Despite initial fears over its readiness in time for the 2008 season, the UCI has said its biological passport system is underway with samples now being taken to establish riders' haematological and steroid profiles. In a press release issued on Wednesday, the UCI said it plans to conduct 7000 out-of-competition tests in 2008 - 6000 more than were taken last year, and therefore placing an increased burden on its whereabouts system.
"This represents an increase in terms of volume, but not of innovation: the necessary whereabouts system already exists," said the UCI's press release. "It has proven to be effective and has been further improved for the commencement of the passport program."
Gathering riders' whereabouts information will be facilitated through the introduction of the ADAMS computer system (Anti-Doping Administration & Management System), developed by the World Anti-Doping Agency. Teams are currently being trained on how to use the new system, which the UCI says will be fully operational by March, and gradually replace the old system whereby riders sent their whereabouts information by fax.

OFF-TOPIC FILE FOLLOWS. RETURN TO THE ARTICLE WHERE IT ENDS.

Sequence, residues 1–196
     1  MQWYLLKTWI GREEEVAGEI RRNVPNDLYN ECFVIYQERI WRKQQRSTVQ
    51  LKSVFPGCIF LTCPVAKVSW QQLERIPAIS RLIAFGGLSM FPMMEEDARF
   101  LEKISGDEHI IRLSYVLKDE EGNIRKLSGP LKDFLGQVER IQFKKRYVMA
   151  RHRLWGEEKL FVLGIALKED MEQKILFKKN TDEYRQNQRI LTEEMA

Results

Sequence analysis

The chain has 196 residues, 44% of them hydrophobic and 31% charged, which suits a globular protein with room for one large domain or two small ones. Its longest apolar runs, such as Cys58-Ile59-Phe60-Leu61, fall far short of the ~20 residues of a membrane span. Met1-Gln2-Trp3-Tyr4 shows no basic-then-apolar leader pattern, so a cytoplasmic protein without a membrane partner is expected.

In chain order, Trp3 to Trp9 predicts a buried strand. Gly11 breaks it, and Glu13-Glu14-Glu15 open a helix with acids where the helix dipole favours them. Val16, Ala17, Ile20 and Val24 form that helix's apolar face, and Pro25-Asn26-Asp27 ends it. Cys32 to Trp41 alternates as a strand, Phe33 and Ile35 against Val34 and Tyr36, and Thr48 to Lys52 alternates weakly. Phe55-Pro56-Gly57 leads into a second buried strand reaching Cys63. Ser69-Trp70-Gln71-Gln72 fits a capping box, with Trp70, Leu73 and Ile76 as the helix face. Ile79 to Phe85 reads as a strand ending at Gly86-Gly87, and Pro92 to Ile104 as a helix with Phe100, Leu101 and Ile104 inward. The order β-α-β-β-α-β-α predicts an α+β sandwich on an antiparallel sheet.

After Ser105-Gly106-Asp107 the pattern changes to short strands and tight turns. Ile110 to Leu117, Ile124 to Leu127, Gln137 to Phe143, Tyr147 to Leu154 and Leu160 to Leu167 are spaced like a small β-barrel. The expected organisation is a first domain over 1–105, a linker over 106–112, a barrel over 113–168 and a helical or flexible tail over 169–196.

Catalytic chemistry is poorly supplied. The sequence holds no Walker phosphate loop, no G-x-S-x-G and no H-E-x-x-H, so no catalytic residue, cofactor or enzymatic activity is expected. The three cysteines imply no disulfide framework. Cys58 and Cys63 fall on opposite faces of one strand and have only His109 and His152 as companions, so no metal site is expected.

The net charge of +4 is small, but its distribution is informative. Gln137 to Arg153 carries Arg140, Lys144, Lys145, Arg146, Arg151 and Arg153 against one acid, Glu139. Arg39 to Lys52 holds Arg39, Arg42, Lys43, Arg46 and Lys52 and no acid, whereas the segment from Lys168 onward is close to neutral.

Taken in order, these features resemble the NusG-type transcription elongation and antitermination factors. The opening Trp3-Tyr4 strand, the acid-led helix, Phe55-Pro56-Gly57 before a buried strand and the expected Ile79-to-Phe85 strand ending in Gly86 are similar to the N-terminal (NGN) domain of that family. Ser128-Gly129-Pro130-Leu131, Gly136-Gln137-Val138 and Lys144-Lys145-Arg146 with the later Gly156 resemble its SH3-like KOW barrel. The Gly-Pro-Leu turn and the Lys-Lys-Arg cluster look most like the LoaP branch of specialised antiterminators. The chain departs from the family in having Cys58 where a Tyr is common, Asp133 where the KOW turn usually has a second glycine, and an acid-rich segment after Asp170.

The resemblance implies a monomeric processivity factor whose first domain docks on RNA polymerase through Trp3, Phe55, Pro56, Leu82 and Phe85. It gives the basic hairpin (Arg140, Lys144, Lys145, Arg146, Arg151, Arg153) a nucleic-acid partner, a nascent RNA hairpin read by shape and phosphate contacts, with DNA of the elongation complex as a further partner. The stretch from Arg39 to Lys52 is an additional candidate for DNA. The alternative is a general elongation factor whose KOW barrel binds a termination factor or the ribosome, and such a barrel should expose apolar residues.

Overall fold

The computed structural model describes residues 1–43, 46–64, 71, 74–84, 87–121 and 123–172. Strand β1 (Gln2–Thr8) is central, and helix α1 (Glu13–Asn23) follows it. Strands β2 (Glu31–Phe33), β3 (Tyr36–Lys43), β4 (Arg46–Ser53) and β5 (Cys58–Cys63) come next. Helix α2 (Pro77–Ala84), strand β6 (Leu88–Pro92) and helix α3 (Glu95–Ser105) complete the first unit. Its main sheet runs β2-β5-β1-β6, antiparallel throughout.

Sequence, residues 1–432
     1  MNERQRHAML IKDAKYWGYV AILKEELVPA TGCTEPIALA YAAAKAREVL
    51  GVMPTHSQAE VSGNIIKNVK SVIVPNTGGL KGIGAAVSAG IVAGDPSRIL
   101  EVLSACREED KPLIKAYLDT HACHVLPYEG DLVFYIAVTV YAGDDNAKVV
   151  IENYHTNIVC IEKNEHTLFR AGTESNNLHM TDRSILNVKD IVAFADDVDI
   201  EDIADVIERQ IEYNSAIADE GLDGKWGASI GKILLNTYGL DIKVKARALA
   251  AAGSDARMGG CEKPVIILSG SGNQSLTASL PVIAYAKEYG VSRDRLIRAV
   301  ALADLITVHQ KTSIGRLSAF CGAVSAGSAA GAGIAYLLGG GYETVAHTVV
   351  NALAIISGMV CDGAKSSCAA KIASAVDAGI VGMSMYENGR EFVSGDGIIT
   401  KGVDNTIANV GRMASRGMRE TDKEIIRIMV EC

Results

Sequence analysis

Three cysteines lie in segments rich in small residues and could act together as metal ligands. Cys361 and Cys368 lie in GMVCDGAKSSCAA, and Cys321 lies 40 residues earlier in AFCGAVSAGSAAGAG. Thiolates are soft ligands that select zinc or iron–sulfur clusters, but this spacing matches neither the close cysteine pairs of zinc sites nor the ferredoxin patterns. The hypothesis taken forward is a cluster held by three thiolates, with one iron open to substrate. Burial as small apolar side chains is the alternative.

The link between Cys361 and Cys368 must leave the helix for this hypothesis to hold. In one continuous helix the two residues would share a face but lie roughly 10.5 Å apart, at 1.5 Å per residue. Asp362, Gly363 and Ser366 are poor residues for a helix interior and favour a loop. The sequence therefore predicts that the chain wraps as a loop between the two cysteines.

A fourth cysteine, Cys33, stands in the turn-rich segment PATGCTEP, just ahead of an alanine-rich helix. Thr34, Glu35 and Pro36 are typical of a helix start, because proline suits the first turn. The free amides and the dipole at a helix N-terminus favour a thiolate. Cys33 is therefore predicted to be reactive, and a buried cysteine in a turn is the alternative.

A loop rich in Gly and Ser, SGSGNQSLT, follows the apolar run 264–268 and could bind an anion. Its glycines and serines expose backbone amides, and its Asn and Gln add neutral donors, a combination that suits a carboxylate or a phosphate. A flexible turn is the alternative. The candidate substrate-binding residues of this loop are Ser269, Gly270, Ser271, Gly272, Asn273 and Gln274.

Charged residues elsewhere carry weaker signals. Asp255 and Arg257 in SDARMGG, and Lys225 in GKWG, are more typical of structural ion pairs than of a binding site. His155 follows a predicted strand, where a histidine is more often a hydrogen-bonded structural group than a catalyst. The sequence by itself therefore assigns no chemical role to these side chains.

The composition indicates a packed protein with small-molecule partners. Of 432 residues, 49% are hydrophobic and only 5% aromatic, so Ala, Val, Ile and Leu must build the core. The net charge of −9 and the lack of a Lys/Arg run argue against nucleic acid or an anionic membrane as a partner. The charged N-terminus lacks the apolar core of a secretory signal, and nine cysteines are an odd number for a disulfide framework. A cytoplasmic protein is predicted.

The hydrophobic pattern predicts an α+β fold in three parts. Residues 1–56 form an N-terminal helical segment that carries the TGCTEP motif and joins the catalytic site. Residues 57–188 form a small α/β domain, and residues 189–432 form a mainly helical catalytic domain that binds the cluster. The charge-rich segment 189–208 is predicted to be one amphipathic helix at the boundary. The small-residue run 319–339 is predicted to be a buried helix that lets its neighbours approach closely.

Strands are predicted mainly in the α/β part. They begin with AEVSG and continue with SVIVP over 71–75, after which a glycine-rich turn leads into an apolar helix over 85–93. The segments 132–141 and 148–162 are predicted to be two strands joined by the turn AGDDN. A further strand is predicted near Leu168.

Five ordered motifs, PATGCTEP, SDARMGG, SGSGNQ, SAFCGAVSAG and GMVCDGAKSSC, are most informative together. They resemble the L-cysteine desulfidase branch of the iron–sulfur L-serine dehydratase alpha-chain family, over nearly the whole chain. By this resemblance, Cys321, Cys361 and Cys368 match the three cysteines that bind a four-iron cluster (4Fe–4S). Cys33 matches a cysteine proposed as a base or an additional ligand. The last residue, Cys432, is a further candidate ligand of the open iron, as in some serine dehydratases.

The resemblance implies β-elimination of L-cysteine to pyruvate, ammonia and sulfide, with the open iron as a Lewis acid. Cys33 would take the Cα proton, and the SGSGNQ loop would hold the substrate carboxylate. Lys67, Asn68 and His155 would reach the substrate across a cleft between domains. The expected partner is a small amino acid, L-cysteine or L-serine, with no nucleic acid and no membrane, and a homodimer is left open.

With such an increase in the number out-of-competition tests - the most expensive type to carry out - the cost of the biological passport will be shared between ProTour teams, Professional Continental Teams with Wild Card status, organisers, riders, WADA and the French Ministry of Health, Youth Affairs and Sport.
Responsibility for analysing riders' biological passport results will lie with a panel of "independent experts", which will communicate its results to the UCI and WADA. The UCI will then decide whether to open proceedings against a rider and, if appropriate, pass the case on to the rider's national federation.
For more on the current anti-doping initiatives read this interview with Dr. Rasmus Damsgaard.